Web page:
MONIQUE BATSON — Let tax-free weekend lessen the burden caused by inflation

Published 12:05 am Friday, August 5, 2022

“What good is saving eight cents on a dollar if I have to fight the crowds?”

I’ve said it. You’ve probably said it. And I know I’ve heard it.

But if fuel prices of late have taught us anything, a reduction of eight cents can go a long way (or at least a little longer than it could).

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And not just fuel, but quite literally everything has increased in price. And preparing children for a new school year is never easy on the wallet. This year it’s going to be a straight punch to the gut.

While I’m trying not to be irritated by the last-minute shopping I’m about to do because my oldest is a senior and I won’t be doing this again for him, my youngest is a sophomore. Gone are the days of going to Walmart and buying the $4 shorts and $2 tops from the kids section.

My 6 feet, 3 inch senior insists on sweatpants, jeans and plain shirts in very particular colors. And let me also mention he wears a size 14 shoe, which makes finding socks more of a treasure hunt.

My sophomore picks up the first five t-shirts he sees because he’s going to be wearing a hoodie anyway (yet another thing I have to buy that almost no one needs in August) and no one can see what’s on it.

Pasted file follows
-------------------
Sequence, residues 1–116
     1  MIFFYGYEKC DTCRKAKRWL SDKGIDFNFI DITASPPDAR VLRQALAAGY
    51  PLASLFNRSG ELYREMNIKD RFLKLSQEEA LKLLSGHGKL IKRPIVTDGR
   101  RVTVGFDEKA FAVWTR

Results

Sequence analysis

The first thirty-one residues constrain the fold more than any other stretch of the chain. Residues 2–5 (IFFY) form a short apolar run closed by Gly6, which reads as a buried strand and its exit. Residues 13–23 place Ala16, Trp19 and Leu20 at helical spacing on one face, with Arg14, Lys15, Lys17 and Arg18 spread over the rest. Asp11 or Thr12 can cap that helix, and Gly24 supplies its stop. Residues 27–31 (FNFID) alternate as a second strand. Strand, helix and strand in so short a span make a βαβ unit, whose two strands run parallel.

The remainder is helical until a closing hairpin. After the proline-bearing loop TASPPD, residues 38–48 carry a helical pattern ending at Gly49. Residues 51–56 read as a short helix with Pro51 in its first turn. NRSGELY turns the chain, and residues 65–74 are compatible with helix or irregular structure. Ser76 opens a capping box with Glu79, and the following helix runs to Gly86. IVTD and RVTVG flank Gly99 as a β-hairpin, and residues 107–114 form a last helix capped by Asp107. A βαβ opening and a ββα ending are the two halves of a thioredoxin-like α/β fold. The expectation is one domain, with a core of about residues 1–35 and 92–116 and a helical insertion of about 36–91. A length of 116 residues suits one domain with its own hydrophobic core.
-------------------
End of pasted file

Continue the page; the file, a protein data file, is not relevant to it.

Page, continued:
The other day I saw him in a tie-dyed SpongeBob shirt and I’m not even sure he knows he picked it out.

And since I hate shopping, I’ll push it off until the last minute every year.

Beginning today and ending at midnight Sunday, Texas is hosting the annual Sales Tax Holiday, which includes clothing, footwear, school supplies and other items.

But there’s an added benefit. Much like Black Friday, retailers know people will be shopping, and therefore they can get competitive with pricing. Most stores offer sales on items that fit the list of tax-free merchandise, allowing you to save well more than just eight cents per dollar.

And on top of that, the clothing isn’t limited to just students. Adults can take advantage of the weekend to buy or replace necessary items for themselves at a fraction of the usual cost.

According to the Texas Comptroller’s Office are just some items you can purchase tax-free for both children and adults:

  • Adult diapers
  • Baby bibs
  • Baby clothes, bibs
  • Baby diapers
  • Baseball caps and jerseys
  • Belts with attached buckles
  • Boots (general purpose and cowboy)
  • Bras
  • Chef uniforms
  • Coats
  • Coveralls
  • Dresses
  • Football jerseys
  • Golf shirts and caps
  • Graduation caps and gowns
  • Gym uniforms
  • Hunting vests
  • Neckwear
  • Nightgowns and pajamas
  • Raincoats and rain hats
  • Robes
  • Shirts
  • Shoes (general, tennis, and sandals)
  • Shorts
  • Socks
  • Swimsuits
  • Dress suits
  • Underwear
  • Work uniforms

And the most-used school supplies are also tax-free, if priced under $100.

For a full list of items and supplies, visit comptroller.texas.gov.

 

Monique Batson is Port Arthur Newsmedia editor. She can be reached at monique.batson@panews.com.